Punjabi is the official language of the Punjab region of India, as well as an additional official language in the Haryana, Delhi, and some parts of the West Bengal region. It’s also native to the Punjab region in Pakistan.
As a major Indo-Aryan language, there are many Punjab diaspora Punjabi speakers in Canada, the United Kingdom, and the United States as well as some other Western countries.
The following facts share some information about the structure, history, and distribution of this interesting language. Learning something new is always good, and who knows where it will take you?
A Few Facts about the Asian Language Punjabi
1. Punjabi is an Indo-Aryan language, descended from the original Indo-European primary language group
The following family tree follows the ancestry of Punjabi, started from its Indo-European roots and following only the relevant branches. Languages marked with a cross are now sadly extinct.
2. There are two main scripts for writing Punjabi
One is the Gurmukhī, an abugida created by the Sikh Guru Angad in the 16th century. It is sometimes called the Sikh script, and it is the official writing style of Punjabi in India. In Pakistan, meanwhile, Punjabi is mainly written in Shahmukhi, a Punjabi Muslim script developed from the Sufi poets.
The former is written left to right, and the latter right to left.
3. Punjabi is the most widely spoken language in Pakistan
It’s the native language of about 40% of the Pakistani population, more than any other single language. Currently, that represents about 81 million people in Pakistan alone. Despite this, Punjabi is not an official language in Pakistan (these are Urdu and English).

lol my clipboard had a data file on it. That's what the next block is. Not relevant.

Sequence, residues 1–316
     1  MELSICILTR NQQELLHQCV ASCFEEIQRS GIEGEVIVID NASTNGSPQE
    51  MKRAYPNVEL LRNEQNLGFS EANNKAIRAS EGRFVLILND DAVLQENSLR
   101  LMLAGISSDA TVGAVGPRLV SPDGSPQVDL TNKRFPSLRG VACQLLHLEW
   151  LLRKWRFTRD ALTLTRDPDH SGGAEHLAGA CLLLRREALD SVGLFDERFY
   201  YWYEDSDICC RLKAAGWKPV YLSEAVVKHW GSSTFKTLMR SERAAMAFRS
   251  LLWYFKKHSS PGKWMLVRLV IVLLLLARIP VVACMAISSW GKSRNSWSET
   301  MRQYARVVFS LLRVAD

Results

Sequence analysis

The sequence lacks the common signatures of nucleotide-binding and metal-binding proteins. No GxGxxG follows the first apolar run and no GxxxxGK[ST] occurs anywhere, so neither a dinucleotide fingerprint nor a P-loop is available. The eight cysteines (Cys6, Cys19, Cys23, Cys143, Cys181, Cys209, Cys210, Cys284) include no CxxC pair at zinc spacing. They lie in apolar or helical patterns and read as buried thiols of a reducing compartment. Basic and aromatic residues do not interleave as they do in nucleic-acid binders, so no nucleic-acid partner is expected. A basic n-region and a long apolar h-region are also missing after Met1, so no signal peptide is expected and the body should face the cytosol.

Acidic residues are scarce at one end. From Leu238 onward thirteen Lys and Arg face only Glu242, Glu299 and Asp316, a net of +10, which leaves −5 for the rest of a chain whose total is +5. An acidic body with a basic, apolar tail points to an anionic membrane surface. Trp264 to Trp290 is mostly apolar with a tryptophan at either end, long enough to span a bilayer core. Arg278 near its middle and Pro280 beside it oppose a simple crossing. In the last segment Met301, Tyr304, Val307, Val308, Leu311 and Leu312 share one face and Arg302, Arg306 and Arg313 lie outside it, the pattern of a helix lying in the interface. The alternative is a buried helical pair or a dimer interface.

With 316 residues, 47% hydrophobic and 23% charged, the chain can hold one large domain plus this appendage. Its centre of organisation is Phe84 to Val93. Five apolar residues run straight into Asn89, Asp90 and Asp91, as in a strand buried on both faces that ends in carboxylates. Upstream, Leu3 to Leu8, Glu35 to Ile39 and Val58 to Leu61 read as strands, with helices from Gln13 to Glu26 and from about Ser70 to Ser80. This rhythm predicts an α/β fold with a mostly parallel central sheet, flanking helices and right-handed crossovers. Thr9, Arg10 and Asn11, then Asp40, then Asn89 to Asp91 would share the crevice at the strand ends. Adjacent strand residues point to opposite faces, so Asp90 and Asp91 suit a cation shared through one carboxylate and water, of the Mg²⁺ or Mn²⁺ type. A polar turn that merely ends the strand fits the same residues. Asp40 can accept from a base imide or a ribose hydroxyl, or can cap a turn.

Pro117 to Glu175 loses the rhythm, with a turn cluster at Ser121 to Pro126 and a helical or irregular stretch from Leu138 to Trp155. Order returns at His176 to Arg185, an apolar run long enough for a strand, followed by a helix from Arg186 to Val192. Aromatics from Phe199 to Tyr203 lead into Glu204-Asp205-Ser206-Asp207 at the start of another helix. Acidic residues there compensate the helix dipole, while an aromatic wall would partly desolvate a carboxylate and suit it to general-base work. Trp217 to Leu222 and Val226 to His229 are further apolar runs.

4. Punjabi uses a subject-object-verb (SOV) word order
This is different from English, which uses an SVO (subject-verb-object) order. A simple sentence in English like “I read the Punjabi article” would transliterate from Punjabi as “I the Punjabi article read.”
The language also uses postpositions instead of prepositions.
5. Nouns in Punjabi have two genders, two numbers, and five cases. Nouns are also divided into extended and unextended for declension purposes.
The main categories of noun are:
- Direct case
Interestingly, the last two of the cases are very rarely used to the point where they may soon be obsolete.
6. There are personal pronouns for first and second person in Punjabi, while third person uses demonstrative pronouns instead
Third person pronouns are also categorized as either “near” or “far” to the person.
7. Punjabi was not recognized as an official language until 1947, the same year that Pakistan was created – but it was only recognized in India.
Governments in the Punjab areas before this point preferred Persian and Hindustani. The British Empire employed Urdu and Bengali. Nevertheless, Punjabi continued to flourish, and was eventually recognized as an official language.
8.There are somewhere around 115 million Punjabi speakers worldwide
Of these, the vast majority live in Pakistan.
9. Unlike most other Indo-Aryan languages, Punjabi uses a lexical tone as part of its grammatical structure